PBGC argues because of specific provisions in ERISA, we should conclude Congress expressly directed that CF&I's unpaid minimum funding contributions in excess of $1 million must be treated as taxes and accorded tax priority under the Bankruptcy Code. The district court's denial of tax priority is a conclusion of law which we review de novo.  Broitman v. Kirkland (In re Kirkland), 86 F.3d 172, 174 (10th Cir.1996).

PBGC's argument is grounded upon 26 U.S.C. § 412(n)(1)(B) which provides, when unpaid minimum funding contributions exceed $1 million, “then there shall be a lien in favor of the plan ․ upon all property, whether real or personal, belonging to such person․”  Moreover, 26 U.S.C. § 412(n)(4) (1990) adds:

(B) Period of lien.-The lien imposed by paragraph (1) shall arise on the 60th day following the due date for the required installment․

(C) Certain rules to apply-Any amount with respect to which a lien is imposed under paragraph (1) shall be treated as taxes due and owing the United States and rules similar to the rules of subsections (c), (d), and (e) of section 4068 of the Employee Retirement Income Security Act of 1974 shall apply with respect to a lien imposed by subsection (a) and the amount with respect to such lien.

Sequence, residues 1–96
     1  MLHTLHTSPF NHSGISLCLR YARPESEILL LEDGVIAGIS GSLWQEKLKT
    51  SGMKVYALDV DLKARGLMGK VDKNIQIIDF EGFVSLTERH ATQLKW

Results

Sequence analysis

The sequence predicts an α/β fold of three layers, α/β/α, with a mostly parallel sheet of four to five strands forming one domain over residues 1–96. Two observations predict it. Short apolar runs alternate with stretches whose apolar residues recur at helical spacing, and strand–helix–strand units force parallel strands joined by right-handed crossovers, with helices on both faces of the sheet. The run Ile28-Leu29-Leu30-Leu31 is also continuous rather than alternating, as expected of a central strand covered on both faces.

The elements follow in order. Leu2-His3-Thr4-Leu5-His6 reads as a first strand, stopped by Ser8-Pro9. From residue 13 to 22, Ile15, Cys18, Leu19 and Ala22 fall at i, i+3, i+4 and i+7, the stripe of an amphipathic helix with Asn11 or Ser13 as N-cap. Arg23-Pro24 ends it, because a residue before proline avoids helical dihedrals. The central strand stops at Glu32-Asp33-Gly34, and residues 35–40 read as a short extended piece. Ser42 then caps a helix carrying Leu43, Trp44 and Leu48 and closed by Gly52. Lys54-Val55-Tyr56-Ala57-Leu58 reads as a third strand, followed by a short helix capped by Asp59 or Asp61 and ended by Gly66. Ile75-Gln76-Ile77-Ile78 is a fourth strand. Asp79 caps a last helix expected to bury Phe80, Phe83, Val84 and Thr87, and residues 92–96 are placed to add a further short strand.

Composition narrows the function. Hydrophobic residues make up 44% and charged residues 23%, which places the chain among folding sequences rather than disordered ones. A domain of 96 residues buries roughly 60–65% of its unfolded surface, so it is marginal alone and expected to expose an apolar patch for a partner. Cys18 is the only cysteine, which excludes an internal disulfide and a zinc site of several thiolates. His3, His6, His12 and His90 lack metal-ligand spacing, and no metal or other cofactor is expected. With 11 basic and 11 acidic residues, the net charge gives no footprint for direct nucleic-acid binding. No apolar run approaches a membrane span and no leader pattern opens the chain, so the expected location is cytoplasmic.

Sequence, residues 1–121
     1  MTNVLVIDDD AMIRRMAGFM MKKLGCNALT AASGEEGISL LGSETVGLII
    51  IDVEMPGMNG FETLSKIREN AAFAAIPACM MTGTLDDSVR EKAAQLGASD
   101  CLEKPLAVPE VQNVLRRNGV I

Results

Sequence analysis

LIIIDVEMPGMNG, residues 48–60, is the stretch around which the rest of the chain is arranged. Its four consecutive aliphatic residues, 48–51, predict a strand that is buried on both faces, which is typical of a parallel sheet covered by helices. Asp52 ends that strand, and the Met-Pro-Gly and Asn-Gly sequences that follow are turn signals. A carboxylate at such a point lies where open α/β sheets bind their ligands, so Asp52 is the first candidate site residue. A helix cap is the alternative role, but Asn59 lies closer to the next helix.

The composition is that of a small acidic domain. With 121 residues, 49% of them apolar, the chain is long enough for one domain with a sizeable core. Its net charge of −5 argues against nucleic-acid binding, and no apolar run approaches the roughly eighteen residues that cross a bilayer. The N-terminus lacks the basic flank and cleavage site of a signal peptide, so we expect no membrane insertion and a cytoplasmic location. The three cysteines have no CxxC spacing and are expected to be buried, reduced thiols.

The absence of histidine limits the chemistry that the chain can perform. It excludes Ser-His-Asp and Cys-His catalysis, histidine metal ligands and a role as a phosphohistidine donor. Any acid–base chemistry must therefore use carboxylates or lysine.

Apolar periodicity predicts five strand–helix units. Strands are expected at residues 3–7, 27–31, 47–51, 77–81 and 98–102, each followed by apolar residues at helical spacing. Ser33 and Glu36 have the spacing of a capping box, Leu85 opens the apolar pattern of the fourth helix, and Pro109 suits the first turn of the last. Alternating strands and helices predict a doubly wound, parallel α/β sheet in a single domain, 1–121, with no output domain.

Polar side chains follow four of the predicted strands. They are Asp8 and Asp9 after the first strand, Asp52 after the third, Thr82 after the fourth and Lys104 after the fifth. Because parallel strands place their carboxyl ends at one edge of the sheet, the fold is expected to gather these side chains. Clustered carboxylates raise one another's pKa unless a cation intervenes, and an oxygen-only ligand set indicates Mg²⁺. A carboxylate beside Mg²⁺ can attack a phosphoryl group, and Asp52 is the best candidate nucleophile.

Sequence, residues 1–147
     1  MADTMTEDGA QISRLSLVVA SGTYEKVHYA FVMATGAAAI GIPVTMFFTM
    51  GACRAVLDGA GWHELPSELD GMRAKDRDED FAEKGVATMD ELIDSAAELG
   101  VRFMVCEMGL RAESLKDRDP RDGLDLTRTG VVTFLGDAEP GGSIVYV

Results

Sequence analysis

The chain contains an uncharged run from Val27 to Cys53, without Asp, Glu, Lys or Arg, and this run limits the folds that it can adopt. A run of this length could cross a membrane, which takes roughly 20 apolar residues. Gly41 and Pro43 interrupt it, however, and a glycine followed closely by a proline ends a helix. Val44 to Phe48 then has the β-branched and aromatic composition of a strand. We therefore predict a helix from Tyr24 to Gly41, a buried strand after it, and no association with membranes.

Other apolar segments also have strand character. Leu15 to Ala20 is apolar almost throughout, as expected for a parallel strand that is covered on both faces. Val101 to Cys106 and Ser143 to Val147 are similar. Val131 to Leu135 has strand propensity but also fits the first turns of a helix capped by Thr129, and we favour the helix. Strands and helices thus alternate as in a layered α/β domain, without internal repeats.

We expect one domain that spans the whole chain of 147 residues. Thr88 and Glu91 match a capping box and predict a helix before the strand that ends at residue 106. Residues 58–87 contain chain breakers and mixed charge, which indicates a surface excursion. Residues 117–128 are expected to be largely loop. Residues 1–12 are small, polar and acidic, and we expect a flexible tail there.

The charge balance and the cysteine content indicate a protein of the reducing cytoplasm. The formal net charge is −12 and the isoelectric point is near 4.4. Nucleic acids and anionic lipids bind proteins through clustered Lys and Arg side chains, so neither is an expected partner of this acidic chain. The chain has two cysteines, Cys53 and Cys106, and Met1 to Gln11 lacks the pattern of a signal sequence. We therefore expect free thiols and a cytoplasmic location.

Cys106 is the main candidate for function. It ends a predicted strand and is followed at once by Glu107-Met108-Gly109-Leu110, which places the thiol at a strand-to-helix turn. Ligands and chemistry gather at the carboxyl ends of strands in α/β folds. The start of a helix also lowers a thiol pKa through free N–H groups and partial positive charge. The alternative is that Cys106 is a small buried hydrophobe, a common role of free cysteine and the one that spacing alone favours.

The first question we must resolve, however, is to what extent these ERISA provisions are applicable in bankruptcy.   To resolve the question, both parties point to United States v. Reorganized CF&I Fabricators, Inc. (In re CF&I Fabricators (I)), 518 U.S. 213, 116 S.Ct. 2106, 135 L.Ed.2d 506 (1996), where the Court examined whether an “exaction ought to be treated as a tax [in bankruptcy] ․ without some ․ dispositive direction [from Congress].”   Id. at 219, 116 S.Ct. 2106.   At issue was an exaction under the IRC of 10% on the amount of the accumulated funding deficiency of CF&I's Plan for which the IRS asserted a tax priority claim.1  Although the IRC defines the exaction as a “tax,” the Court stated, “characterizations in the Internal Revenue Code are not dispositive in the bankruptcy context․”  Id. at 224, 116 S.Ct. 2106.